2003-09-19 / Columnists

On The Bayfront

By Elisa Hinken
On The Bayfront By Elisa Hinken

By the time this edition hits the press, we’ll know the outcome of Hurricane Isabel. For the first time in many years, our coast was threatened by a powerful storm. The first time I remember preparing for a hurricane as an adult, was 1984, the year my first child was born. We lived on the ground floor in an apartment building in Woodmere. One of our windows (frame and all) was blown out. The storm wasn’t as powerful as the window was weak, but it made me respect the awe of nature and the powers over which we have no control.

Years later, in 1991/1992, while residing in Atlantic Beach, we repeatedly witnessed Nor’easters damaging the beaches. We’d run down to the boardwalk, hold on to the rails with all our might, fully dressed in rain gear which blew off and opened to the point where we’d get rain soaked anyway, watching surfers gallantly, fearlessly, take advantage of a seaside wrath of nature. That same year, fishermen were washed off jetties, a few washed off the Meadowbrook Bridge in Jones Beach, million dollar yachts tied up in Reynold’s Channel in Long Beach, smashed into each other like a bathtub full of toy boats, cars floated along streets hitting each other as the wake from a passing truck disturbed the lake on the street. The foundation cracked on my mom’s house as the creek way below the street swelled and overflowed. What a mess!

The scariest part of the storm was actually being stranded for a few hours. My husband and I ventured around our neighborhood to find we couldn’t get past East Atlantic Beach nor cross the Atlantic Beach Bridge because of flooding. The Nor’easter hit during a period of high tide, so flooding was pretty extensive. The children were safely tucked away in school for a few hours by the time high tide hit. We were cut off from the main land! Although the northern part of the Atlantic Beach Bridge has been elevated and re-paved, the bridge plaza remained the same – and that is where all the flooding was. East Atlantic Beach, near C-Town had two to three feet of water from the bay past the two main roads. The street we lived on experienced minor flooding which never entered the houses. The elevation of the streets in the Silverpoint section of Atlantic Beach remains among the highest of the entire barrier beach.

The 1991/1992 Nor’easters really opened my eyes. It brought me back to the year my parents lived on Beach 66 Street in Arverne when Hurricane Donna hit. The year was 1960. Everyone who owned a boat helped out those who didn’t have one. I have a picture of my dad trying to dry out the distributors and wires of cars that were stranded.

What have we learned from all these storms and natural occurrences? Are we adequately prepared? Do our evacuation routes work? Should we stay or should we flee? My husband and I shopped for emergency supplies and food four or five days before Isabel was scheduled to make landfall. Supplies were already dwindling on the store shelves. Bottled water was almost out. Size "D" batteries were almost gone. Battery operated radios were sold out except for the higher priced ones. LIPA estimated power outage could extend into weeks to a month if we were hit directly with a Category 4 hurricane. So my house is packed full of canned goods. However, if we are ordered to evacuate, we’ll leave in a New York minute. I’ll make reservations at the Lancaster PA Hilton Hotel from my cell phone if necessary. That’s IF my cell phone works.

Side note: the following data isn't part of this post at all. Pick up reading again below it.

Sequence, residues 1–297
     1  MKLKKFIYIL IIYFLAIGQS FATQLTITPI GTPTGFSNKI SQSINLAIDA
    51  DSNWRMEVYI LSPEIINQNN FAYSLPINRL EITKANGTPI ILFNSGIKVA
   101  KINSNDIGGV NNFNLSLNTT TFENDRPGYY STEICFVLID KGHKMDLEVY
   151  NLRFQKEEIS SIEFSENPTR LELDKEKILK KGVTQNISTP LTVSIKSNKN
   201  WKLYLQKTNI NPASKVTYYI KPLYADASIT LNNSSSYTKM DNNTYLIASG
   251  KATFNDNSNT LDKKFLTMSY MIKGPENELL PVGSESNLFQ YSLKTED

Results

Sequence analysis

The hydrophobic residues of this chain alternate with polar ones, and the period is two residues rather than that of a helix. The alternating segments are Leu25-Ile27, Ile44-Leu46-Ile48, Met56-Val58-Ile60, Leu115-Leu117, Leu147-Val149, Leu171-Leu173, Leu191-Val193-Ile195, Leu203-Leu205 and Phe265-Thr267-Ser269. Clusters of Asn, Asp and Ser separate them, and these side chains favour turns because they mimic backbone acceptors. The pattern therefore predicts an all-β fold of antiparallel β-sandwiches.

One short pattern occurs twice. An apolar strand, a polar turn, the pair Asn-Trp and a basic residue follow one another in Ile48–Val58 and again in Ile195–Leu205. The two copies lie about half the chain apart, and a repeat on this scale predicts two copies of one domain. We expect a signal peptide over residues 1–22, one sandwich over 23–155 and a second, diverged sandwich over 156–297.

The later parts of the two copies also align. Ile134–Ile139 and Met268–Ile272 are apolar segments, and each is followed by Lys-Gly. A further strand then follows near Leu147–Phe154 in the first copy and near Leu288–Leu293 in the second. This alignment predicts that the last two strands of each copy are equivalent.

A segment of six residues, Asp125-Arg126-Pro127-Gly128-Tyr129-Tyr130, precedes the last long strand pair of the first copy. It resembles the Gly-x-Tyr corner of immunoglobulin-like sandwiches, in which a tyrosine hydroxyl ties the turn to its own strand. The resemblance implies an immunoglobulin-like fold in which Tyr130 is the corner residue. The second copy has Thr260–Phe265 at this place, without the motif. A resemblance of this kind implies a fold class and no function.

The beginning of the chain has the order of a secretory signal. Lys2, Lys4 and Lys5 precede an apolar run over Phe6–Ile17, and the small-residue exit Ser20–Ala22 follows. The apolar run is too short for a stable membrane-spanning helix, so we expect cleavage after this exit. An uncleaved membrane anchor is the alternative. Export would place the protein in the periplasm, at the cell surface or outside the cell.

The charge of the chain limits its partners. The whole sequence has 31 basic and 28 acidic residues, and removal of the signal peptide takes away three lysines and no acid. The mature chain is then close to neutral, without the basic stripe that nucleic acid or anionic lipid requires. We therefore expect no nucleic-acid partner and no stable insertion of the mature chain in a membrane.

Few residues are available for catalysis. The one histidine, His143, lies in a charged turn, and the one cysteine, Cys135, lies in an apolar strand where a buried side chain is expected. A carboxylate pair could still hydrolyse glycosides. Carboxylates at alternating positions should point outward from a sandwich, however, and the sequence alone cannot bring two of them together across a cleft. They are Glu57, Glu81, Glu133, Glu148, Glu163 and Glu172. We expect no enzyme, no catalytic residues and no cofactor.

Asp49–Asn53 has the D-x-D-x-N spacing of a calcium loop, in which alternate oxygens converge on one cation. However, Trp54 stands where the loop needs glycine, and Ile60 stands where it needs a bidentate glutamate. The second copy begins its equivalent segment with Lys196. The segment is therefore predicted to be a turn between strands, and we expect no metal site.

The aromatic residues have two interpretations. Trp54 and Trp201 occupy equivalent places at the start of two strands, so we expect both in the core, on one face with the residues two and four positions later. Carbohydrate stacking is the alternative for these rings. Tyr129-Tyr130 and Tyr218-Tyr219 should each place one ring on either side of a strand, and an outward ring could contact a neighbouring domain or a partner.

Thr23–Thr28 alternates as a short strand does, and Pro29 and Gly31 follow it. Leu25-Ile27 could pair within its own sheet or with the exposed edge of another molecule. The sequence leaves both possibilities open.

I won’t hang around to ride out a storm that is potentially as damaging as the 1938 hurricane that hit Long Island. That storm, dubbed the "Long Island Express" was a category 3. The immediate effect of this powerful hurricane was to decimate many Long Island communities (remember, Rockaway is part of Long Island) in terms of human and economic losses, however, the long term effects linger today. The ‘38 Hurricane created the Shinnecock Inlet and widened Moriches Inlet, which, to this day, are changing the landscape of the south shore due to their influence on the natural littoral sand transport. History has shown that these powerful storms are rare but do in fact occur with long-term frequency. Case studies have shown that the next time a storm like the "Long Island Express" roars through, it might be the greatest disaster in U.S. history. Just look at these fast facts: Peak steady winds were 121 miles per hour, with peak gusts of 186 m.p.h. registered at Blue Hill Observatory, MA. Lowest Pressure - 27.94 in (946.2 mb) recorded at Bellport, NY. Peak storm surge was measured at 17 ft. above normal high tide in Rhode Island. Peak Wave Heights reached 50 ft. at Gloucester, MA. There were 700 deaths (600 in New England). 63,000 people were left homeless. 8,900 homes and buildings were destroyed. 3,300 boats were lost. Approximately 2 billion trees were destroyed. The 1998 adjusted cost of the 1938 hurricane was $15 billion.

I’ll flee, thank you.

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